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A new article in MSDN Magazine explores how to create, develop, and deploy a Windows Azure application in Visual Studio 2010. The article, Developing and Deploying Windows Azure Apps in Visual Studio 2010, describes the steps you’ll take to get your application up and running in the cloud.
Here’s a quick summary of what you’ll find in the article.
A Windows Azure role is an individually scalable component running in the cloud where each instance of a role corresponds to a virtual machine (VM) instance.
There are two types of role:
It is easy to add or remove roles in the cloud service after project creation has completed.
To take advantage of the scaling nature of the cloud, you need to be aware of the new storage services. Windows Azure Storage provides scalable blob, queue, and table storage services, and Microsoft SQL Azure provides a cloud-based relational database service built on SQL Server technologies.
Blobs are used for storage of named files along with metadata.
The queue service provides reliable storage and delivery of messages.
The table service gives you structured storage, where a table is a set of entities that each contain a set of properties.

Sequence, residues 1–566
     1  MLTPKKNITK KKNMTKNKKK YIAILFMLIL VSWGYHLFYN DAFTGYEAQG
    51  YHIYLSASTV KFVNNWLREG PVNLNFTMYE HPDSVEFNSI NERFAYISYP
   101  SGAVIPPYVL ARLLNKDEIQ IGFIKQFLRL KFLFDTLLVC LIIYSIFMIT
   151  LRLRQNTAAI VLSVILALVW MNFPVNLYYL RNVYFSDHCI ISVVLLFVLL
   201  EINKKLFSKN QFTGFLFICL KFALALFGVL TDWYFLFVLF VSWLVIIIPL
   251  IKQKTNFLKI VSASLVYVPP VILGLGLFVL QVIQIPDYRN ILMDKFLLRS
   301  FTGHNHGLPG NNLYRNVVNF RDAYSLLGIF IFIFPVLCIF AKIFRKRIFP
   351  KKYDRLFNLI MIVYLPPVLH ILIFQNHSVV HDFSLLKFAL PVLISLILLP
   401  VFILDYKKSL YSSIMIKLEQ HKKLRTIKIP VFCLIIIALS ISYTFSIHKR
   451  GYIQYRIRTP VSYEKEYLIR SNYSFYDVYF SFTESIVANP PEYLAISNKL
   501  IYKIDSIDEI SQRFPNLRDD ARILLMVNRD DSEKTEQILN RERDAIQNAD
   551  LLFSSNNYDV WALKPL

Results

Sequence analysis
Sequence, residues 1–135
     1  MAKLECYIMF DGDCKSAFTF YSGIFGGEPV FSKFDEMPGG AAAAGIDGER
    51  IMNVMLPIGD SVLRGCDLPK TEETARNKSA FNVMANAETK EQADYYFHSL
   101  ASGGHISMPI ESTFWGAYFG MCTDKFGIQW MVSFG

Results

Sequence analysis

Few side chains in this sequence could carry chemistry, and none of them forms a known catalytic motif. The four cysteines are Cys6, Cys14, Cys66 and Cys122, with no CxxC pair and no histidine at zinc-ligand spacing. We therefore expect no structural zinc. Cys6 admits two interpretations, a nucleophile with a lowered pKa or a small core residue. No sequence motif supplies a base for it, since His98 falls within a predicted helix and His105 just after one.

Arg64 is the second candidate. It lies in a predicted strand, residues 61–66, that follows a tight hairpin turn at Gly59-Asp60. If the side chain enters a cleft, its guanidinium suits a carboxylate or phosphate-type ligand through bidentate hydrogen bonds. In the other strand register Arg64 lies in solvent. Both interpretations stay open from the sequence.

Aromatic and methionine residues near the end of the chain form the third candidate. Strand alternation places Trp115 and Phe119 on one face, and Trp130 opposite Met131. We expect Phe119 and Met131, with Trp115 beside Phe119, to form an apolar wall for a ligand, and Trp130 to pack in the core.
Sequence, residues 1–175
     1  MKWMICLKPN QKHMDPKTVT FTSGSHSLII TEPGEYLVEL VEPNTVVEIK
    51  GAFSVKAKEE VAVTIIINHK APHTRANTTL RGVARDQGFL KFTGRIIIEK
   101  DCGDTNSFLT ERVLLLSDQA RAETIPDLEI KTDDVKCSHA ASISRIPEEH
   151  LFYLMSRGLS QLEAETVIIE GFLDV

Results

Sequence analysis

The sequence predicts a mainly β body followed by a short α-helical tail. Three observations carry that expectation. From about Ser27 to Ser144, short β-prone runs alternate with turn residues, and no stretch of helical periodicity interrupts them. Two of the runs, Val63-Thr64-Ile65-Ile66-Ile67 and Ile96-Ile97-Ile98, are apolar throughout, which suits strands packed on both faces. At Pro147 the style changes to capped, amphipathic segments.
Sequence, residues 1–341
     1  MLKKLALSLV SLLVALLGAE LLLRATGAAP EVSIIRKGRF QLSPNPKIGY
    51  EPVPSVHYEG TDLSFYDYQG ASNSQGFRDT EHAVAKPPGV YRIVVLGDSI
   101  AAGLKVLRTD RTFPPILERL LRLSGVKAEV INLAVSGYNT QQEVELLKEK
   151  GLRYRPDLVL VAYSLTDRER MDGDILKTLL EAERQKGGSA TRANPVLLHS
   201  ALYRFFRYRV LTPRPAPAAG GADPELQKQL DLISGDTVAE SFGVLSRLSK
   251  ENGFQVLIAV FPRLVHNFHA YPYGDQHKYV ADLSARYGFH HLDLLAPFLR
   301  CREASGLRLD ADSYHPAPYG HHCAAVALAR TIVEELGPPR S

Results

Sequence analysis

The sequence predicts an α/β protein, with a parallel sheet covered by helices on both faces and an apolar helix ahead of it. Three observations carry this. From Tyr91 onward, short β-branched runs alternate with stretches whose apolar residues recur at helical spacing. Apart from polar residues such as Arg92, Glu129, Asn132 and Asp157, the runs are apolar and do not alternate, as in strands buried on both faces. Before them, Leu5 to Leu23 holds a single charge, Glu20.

This MSDN Code Gallery page contains a number of code samples to help you get started with building scalable Web application and services that run on Windows Azure. You can walk through the code sample to learn to debug.
Here’s a good process to follow when deploying an application to Windows Azure:
Upgrade you project to work against a Windows Azure Storage account in the cloud. This involves getting a storage account and making the configuration changes to run the Thumbnails service against your storage account. Executing locally but using cloud storage for data is a great way to ensure that your code will run when hosted on Windows Azure.
The article describes how to set up Azure storage and a hosting service, step-by-step.
If you want to spin up additional instances of your service in anticipation of additional load, or shut down unused instances, you can do that by modifying the deployment configuration on the fly.
The Windows Azure Tools and Visual Studio 2010 make it easy to create, edit, configure, debug and deploy applications that run on Windows Azure. They allow you to leverage your existing skills with ASP.NET and with Visual Studio.
See Developing and Deploying Windows Azure Apps in Visual Studio 2010.
To learn more about Windows Azure, see:
Bruce D. Kyle ISV Architect Evangelist | Microsoft Corporation